Review: THE BARBER OF SEVILLE, English National Opera, London Coliseum

Jonathan Miller's ever-popular 1987 is back for another run

By: Feb. 13, 2024
Review: THE BARBER OF SEVILLE, English National Opera, London Coliseum
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Review: THE BARBER OF SEVILLE, English National Opera, London Coliseum The Barber of Seville is a reliable old warhorse in the opera repertory and Jonathan Miller’s 1987 production (directed for a third time by Peter Relton) is as battle-hardened as they come. No bad thing that, as there’s a feeling abroad that the English National Opera is in an existential fight after the Arts Council’s demands and its consequent industrial disputes - the tumultuous reception of the ENO’s musicians at the curtain made it clear where the audience’s sympathies lie.

Perhaps such issues require their own ‘Mr Fixit’ and the ENO’s beleaguered managers need look no further than their own stage for a version - although all parties might prefer a broker with fewer of his own motives in play. To be fair, the eponymous hero is more skilled at cutting hair than cutting costs, but he makes his real money (and has his real fun) as a kind of Spanish Tinder, matching men and women for marriage in the heat of 18th century Seville.

Cue some Shakespearean-style high jinx with preposterous disguises, assumed identities and the glamorous heroine saved at the last minute from the man of her nightmares to be delivered into the arms of the man of her dreams. That’s not the only local influence in the production - sung in English, there’s a Gilbert & Sullivan feel running through the shenanigans, explicitly acknowledged with a little in-joke in a resolution that had plenty of ‘topsy-turvy’ to it.   

Review: THE BARBER OF SEVILLE, English National Opera, London Coliseum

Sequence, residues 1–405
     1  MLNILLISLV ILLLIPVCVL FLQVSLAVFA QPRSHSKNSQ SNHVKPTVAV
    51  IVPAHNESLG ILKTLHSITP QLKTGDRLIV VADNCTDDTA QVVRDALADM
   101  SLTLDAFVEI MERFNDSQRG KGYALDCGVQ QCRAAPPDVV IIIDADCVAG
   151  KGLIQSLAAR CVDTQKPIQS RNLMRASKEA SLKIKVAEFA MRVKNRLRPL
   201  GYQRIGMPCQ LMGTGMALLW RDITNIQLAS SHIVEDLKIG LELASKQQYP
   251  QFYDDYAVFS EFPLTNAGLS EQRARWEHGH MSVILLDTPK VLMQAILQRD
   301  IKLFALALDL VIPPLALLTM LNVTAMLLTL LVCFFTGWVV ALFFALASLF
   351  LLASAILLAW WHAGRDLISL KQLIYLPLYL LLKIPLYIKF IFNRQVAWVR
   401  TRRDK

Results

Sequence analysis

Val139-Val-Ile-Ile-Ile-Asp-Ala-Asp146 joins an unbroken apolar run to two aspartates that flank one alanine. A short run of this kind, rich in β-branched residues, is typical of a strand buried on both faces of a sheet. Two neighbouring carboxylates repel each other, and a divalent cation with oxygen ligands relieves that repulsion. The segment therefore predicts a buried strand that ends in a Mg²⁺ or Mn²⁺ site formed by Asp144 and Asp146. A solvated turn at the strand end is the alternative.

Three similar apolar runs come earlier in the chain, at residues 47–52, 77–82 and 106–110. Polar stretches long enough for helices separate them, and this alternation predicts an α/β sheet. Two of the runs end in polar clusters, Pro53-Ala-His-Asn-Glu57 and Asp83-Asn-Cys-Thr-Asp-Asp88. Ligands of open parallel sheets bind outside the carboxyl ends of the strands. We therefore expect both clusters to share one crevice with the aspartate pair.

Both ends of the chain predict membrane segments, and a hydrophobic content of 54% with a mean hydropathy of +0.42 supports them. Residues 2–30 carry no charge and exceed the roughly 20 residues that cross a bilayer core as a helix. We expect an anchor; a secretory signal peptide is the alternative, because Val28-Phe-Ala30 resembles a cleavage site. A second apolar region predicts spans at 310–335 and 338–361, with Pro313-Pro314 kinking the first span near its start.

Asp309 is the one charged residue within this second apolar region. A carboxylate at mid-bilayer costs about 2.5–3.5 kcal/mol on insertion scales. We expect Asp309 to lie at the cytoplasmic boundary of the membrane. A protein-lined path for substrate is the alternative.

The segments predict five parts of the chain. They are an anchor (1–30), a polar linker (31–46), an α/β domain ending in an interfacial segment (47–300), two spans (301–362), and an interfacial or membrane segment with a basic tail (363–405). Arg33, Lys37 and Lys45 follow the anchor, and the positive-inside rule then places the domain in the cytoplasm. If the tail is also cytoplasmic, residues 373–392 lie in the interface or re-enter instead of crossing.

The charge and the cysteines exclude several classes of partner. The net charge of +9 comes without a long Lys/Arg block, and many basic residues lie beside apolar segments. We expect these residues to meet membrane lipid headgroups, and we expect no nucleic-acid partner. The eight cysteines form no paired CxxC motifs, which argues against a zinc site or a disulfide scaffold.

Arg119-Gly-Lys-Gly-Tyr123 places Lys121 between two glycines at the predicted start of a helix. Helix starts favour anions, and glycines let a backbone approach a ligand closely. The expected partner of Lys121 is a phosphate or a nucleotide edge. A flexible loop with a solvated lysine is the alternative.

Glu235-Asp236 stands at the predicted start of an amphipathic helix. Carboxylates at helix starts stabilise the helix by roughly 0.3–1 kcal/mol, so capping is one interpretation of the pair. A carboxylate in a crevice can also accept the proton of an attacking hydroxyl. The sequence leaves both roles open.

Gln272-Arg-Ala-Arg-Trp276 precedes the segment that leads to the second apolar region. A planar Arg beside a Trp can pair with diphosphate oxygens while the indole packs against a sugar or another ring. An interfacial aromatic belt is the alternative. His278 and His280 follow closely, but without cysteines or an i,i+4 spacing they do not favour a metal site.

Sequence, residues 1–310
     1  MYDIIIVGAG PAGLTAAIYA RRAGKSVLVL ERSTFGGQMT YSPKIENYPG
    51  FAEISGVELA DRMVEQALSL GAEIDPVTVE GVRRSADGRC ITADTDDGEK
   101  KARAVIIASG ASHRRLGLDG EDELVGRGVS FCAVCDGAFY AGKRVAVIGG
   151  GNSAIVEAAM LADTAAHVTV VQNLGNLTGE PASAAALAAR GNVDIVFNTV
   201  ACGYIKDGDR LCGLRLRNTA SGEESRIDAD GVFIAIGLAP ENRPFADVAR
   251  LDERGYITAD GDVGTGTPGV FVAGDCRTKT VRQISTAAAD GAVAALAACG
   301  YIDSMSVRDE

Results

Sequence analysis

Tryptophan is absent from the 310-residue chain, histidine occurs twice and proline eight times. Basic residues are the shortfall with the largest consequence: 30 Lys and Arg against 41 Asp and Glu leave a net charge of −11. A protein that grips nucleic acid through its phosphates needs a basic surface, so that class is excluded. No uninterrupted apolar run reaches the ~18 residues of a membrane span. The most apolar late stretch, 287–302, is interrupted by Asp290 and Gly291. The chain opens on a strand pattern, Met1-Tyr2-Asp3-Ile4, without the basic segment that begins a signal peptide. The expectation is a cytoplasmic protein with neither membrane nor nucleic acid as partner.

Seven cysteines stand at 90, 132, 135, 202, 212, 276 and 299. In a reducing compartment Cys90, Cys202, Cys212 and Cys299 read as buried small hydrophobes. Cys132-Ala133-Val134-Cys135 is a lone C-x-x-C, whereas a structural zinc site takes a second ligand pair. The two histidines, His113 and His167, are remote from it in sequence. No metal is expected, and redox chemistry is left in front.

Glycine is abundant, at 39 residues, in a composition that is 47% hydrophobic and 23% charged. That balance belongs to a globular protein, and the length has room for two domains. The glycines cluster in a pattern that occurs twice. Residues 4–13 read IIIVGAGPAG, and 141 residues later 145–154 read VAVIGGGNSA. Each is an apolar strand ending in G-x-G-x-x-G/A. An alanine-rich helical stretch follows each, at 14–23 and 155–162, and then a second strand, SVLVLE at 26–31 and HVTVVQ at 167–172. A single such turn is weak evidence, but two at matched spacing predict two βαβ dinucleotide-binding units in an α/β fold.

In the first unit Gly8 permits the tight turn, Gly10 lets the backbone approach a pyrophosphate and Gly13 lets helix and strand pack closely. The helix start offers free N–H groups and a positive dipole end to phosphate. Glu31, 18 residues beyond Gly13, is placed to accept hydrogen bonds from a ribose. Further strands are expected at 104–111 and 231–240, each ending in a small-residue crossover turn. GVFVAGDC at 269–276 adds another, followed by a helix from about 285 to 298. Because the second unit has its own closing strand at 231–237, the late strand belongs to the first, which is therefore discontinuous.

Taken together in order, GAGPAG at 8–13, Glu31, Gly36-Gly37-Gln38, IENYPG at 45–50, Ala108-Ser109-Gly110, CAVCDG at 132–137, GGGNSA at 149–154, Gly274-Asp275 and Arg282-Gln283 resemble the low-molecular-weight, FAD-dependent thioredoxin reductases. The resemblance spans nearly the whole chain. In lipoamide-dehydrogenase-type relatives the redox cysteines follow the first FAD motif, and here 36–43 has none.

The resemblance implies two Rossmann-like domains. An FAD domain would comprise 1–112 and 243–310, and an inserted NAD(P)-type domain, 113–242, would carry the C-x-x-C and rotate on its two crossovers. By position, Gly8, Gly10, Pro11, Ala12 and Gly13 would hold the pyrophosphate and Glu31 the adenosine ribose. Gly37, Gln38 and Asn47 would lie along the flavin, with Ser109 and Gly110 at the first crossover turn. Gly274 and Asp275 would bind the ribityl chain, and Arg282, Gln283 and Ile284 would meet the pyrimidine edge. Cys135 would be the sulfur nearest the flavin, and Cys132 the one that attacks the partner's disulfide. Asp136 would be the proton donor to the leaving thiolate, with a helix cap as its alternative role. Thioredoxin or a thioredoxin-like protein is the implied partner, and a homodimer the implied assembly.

On stage, everyone has enormous fun. Simon Bailey has license to ham it up as the lascivious Dr Bartolo, even forgoing his booming bass to essay a little countertenor work in his disparaging of comic opera (the self-consciousness of the show is a pleasing theme). Anna Devin tells us early on that her Rosina is not to be messed with, though she doesn’t quite have the agency one would hope for in 2024 (it was probably quite radical back in 1987). She sings beautifully of course.

Much of the fun concerns the battling between the multiple personas of Count Almaviva, aided by Figaro and his scissors, and the duplicitous Don Basilio, working for the Doctor, until he decides to work for himself. Innocent Masuku’s crystal clear tenor allied to his fine comic timing makes for a dashing hero; Charles Rice wears a permanent grin knowing he’s pulling the strings as the fixer; and Alastair Miles, looking like Weird Al Yankovic in a ludicrous hat, gets exactly what he deserves. 

There’s just time for Lesley Garrett (back after playing Rosina 25 years ago in this very production) to air her native Yorkshire accent in the cameo role of Berta, the much put-upon servant and, wouldn’t you know it, all's well that ends well.

Somehow, the whole doesn’t quite match the sum of the parts. Roderick Cox’s orchestra delivers the score with consummate professionalism, but one feels that its essential Italian quality continually butts up against the translation of the libretto (by Amanda Holden and Anthony Holden). Tom Mannings’ lighting and Tanya McCallin’s costumes do a great job in capturing the 1700s in the Mediterranean sun, but we keep being brought back to 20th century England by the words. The chorus have little to do on a set that gives them a measly allocation of space to indulge in the slapstick repartee which they have been given to squeeze out a few more laughs. The net effect is a certain datedness that clings to the production despite everyone’s best efforts.

That there’s more could be done with Rossini’s caper of an opera is obvious, but many will enjoy this accessible version whether seeing it for the first time or the tenth. And that’s not damning it with faint praise, there’s much to commend putting on popular versions of popular shows, especially if you’re seasoning the programme with the likes of The Handmaid’s Tale at the other end of opera’s feelgood-feelbad spectrum. And the tunes are as jauntily listenable as ever.     

The Barber of Seville is at the London Coliseum until 29 February

Photo image: Clive Barda